Just weeks after the New Mexico’s Public Regulation Commission voted on the 100% “renewable” option despite concerns expressed by PNM that system reliability would be a problem if the PRC mandated 100% “renewables,” Californians are experiencing electricity shortages due in part to a heat wave hitting the State.
It should come as no surprise, given the State’s “deep blue” politics, that California has some of the most aggressive renewable energy goals in the United States. This year the state is required to obtain at least 33% of its electricity from renewable resources. New Mexico is currently at 20% “renewable” but the Energy Transition Act (and subsequent PRC action) will require 50% carbon-free electricity by 2030 and 100% renewable by 2045. The San Juan Generating Station is slated for closure by the Summer of 2022. Replacing that massive electricity source will be the first big challenge for PNM.
Will battery technology improve enough by then to avert what is happening right now in California? They have supported these policies, but PNM has concerns. Only time will tell.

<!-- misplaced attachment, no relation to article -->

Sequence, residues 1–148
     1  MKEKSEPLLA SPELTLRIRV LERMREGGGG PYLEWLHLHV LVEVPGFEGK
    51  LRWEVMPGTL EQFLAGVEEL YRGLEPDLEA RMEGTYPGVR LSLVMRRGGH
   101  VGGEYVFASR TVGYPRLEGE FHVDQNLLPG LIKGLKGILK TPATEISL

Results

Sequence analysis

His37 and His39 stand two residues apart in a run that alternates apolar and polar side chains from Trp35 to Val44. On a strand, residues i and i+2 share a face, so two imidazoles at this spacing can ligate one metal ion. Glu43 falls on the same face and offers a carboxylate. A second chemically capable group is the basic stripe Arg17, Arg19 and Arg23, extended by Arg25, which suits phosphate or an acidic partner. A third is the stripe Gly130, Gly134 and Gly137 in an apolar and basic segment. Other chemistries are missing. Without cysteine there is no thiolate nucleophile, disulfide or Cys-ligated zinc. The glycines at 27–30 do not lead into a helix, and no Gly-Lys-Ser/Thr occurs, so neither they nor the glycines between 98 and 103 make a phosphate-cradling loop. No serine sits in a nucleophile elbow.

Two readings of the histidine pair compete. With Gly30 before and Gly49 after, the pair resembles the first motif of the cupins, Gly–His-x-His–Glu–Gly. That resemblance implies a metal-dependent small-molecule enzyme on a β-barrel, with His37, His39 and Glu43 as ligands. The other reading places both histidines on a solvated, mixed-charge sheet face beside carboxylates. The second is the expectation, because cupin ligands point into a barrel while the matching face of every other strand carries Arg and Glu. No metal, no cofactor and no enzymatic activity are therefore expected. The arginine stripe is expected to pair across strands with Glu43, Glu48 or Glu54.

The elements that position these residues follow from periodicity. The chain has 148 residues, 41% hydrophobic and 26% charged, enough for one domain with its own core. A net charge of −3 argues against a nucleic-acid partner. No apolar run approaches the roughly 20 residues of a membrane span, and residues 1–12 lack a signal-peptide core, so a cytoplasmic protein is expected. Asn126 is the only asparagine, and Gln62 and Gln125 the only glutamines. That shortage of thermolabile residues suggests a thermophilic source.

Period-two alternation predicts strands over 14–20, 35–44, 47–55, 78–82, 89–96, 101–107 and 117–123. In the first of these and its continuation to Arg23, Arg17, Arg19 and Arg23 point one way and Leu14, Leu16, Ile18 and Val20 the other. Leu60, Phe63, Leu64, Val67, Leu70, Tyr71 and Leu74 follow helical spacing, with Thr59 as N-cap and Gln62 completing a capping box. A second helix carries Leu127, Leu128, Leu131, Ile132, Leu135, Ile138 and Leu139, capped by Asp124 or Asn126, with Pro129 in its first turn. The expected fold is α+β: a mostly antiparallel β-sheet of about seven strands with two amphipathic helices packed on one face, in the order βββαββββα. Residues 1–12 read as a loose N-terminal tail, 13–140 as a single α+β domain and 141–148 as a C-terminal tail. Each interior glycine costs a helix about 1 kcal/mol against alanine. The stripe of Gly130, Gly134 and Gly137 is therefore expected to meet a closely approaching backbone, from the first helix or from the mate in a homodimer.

3 Replies to “As California suffers blackouts/brownouts, New Mexico follows their policies”
The realities of grid physics and engineering are usually ignored by the environmental theorists who somehow are never held accountable for their bad policies.
The energy density of renewables is atrocious. The land and resources required for renewables is never addressed. Neither are the resources needed to manufacture, install, and recycle renewable energy generation equipment. Why the State of NM does not consider nuclear energy as a viable alternative that meets environmental goals is also never addressed.
This is not the way to go I’m a journeymen linemen in nm that would take 200 years plus to build enough solar wind and battery’s this will not be good for New Mexico. Wasted efforts in my opinion